Schedule Special One-On-One Time
Being the sole breadwinner and raising a child with ADHD can leave you feeling exhausted, drained, and irritable on most days. However, too many skirmishes can erode your child’s perception of being loved and cared for. Every week, recharge your parent-child relationship by spending some one-on-one time with each of your children. The shared time should involve high-quality interaction and child-oriented activities. This will considerably decrease sibling rivalry and improve your children’s self-esteem.
Focus on Your Child’s Strength
Instead of focusing on what your child can’t do, hone what they’re good at. Remind yourself about the individuality, creativity, and resourcefulness of your child. Praise your child’s good behavior and be positive about their future. The same determination that drives you crazy today will be a source of empowerment tomorrow. Don’t deny your child’s special needs and don’t define him or her by his or her shortcomings. It’s imperative to remain positive and encouraging.
Give your Child Opportunities to Make Decisions
To help teach your child self-control, you need to provide ample opportunities for him/her to make wise decisions. This involves giving your child two choices using a technique known as “structured choice.” For instance, you might ask your child whether they want to do their science or math assignment first. If you need the room picked up before your child goes to dad’s house for the weekend, ask them whether they’ll prefer starting with the bed or the desk.
Keep Rules and Schedules Consistent Across Households
Kids with ADHD need a structure they can count on. Conflicting rules and schedules can be particularly confusing for a child with ADHD. It’s important to sit down with your ex and agree on a plan that will help maintain normalcy. One parent should not ease up on rules for screen time, bedtime, and other routines. Maintain a regular lineup of activities, including music lessons, sports, or playdates. Both parents should also follow a regular medication schedule if the child takes ADHD medication.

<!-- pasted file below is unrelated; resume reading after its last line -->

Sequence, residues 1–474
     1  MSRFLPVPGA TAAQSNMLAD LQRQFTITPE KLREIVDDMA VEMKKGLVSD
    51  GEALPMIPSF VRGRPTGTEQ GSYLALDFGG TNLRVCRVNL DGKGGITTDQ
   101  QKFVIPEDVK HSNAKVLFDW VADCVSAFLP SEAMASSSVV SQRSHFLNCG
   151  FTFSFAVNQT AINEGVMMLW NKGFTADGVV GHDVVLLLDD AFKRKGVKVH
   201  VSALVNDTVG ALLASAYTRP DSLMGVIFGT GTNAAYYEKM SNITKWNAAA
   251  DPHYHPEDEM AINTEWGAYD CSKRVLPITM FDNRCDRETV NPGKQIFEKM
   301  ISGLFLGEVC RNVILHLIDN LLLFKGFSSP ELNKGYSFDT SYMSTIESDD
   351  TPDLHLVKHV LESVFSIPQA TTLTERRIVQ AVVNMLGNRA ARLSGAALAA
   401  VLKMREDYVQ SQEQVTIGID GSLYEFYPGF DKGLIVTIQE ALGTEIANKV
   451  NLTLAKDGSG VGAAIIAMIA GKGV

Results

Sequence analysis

Kids with ADHD may require more trials and repetition in order to adapt to change. Trying a technique once or twice with no positive outcome doesn’t mean that it’s not effective. Review your child’s routine, give him or her adequate time and information to adjust to change, and keep trying until you get the results that you want.
You can’t do it all. Sometimes you’ll need other avenues of support to help you manage your child’s condition as well as your mental health. Find a therapist to work with your child. If you’re having trouble managing your stress and anxiety, you can also find individualized counseling. Online support forums, local support groups, family members, friends, and regular babysitters may be helpful outlets for single parents. If you’re co-parenting with your ex-spouse, you can let them take care of the child for a day or so.
Always Remember to Have Some “Me” Time
Many single parents often neglect the important elements of self-care. You can’t deal with your child 100% of the time. It will be overwhelming and frustrating for you and your child. Schedule alone time to do things you enjoy and recharge. You can take a walk, go to the gym, grab a book, take a relaxing bath, have a glass of wine, watch a movie, or just sit in a quiet room and enjoy the silence. Take some time for you, single parent, because you deserve it.
Be Mindful About Dating
It’s very easy for a child with ADHD to become attached to a parent’s new partner. Conversely, it’s much harder for a child with ADHD to let go when the relationship ends. Before a relationship is solid and committed, try to avoid bringing your dating partner into your child’s life.
Sara Anderson is the head of content for the Mango Clinic, a medical clinic that provides world-class health care services. She has been associated with the healthcare industry for 5+ years and specializes in health care and medical content. www.mangoclinic.com